CD Projekt Red recently put to rest some worries about Cyberpunk 2077 moving towards a more "commercial" setup after concerns were raised regarding microtransactions and online elements.
The Polish developers that are well known for The Witcher series recently discussed what CEO Adam Kicinski referred to as "online elements" in an interview. While this could mean anything from a social hub to the less likely addition of a multiplayer component, other parts of the interview that supposedly contained buzzwords such as "commercial" and talks about keeping players engaged raised some eyebrows.
Pretty Good Gaming recently uploaded a video discussing the interview and said that CD Projekt Red was "considering 'games as a service'" for the upcoming Cyberpunk 2077. In the video, they highlighted the concerning parts of the interview and discussed them while referencing CD Projekt Red's other games like the standalone card game, Gwent, but the developers were quick to respond to the claim while comparing their newest game to The Witcher 3.
.@PrettyBadTweets Worry not. When thinking CP2077, think nothing less than TW3 — huge single player, open world, story-driven RPG. No hidden catch, you get what you pay for — no bullshit, just honest gaming like with Wild Hunt. We leave greed to others.— CD PROJEKT RED (@CDPROJEKTRED) November 19, 2017
With their tweet, CD Projekt Red reminded everyone why they've quickly become one of the most gamer-friendly developers out there. Comparing any game's elements to those found in The Witcher 3 is a fast track to success if the comparisons hold true, even more so when the games are from the same developer. The "honest gaming" claim should put prospective buyers at ease regarding any microtransaction concerns, and we even got a quip about leaving greed to other developers and publishers there at the end.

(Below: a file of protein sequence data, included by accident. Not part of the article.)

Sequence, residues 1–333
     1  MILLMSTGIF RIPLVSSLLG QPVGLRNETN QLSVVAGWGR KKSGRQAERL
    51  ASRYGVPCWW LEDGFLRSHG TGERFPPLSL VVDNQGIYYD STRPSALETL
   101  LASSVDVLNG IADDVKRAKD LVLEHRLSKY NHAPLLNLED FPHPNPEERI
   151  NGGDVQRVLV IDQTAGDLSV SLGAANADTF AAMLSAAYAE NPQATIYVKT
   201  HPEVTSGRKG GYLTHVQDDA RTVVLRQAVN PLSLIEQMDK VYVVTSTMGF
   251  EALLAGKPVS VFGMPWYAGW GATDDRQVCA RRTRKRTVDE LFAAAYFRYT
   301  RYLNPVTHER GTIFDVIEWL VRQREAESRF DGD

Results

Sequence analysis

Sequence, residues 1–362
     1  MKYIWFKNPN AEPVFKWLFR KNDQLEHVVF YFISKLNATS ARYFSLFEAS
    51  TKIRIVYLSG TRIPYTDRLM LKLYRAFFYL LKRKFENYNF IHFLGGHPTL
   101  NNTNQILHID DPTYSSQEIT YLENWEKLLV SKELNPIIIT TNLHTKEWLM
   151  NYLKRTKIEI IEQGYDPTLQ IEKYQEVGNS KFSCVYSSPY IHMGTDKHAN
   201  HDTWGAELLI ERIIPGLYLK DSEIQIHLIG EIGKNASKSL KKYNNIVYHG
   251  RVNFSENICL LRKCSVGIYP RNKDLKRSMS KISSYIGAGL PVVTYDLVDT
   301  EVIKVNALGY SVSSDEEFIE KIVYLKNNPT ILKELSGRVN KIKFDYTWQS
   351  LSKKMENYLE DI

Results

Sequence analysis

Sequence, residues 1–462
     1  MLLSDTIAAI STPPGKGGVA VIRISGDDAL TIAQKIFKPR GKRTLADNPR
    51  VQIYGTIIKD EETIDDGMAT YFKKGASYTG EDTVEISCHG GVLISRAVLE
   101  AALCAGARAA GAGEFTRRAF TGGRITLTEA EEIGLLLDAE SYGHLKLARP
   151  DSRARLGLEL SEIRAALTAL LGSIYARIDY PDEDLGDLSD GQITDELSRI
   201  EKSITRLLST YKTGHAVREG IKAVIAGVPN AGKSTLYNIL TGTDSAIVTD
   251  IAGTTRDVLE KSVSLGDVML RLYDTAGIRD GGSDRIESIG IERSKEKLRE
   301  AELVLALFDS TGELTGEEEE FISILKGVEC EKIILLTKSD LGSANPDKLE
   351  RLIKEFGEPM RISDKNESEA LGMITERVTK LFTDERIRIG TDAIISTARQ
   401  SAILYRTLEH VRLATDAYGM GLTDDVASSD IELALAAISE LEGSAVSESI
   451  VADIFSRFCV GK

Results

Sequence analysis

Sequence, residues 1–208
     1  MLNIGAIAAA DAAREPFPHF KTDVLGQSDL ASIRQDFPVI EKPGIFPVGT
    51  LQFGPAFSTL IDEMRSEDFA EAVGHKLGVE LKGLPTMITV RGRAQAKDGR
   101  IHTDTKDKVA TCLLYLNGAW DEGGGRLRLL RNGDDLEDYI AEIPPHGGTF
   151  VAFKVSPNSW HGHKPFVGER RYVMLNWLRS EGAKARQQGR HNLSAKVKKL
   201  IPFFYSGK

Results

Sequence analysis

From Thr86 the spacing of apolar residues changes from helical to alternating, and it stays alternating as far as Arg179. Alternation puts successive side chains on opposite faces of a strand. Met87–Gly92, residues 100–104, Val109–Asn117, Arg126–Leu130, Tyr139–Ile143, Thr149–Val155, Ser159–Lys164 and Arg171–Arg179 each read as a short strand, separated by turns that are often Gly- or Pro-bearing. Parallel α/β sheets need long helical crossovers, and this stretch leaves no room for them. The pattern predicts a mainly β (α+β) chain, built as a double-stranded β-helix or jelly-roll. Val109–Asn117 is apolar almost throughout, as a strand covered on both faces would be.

While the "online elements" part of the interview seems to be true, there was some disagreement about what CD Projekt Red meant in other parts of the discussion. According to some Polish viewers, it seems that parts of what Kicinski was saying was lost in translation. The "games as a service" phrase was supposedly meant for the Gwent game, not as a viable model for Cyberpunk 2077. Regardless, the direct response from CD Projekt Red should help put buyers' minds at ease for whenever the title is eventually released.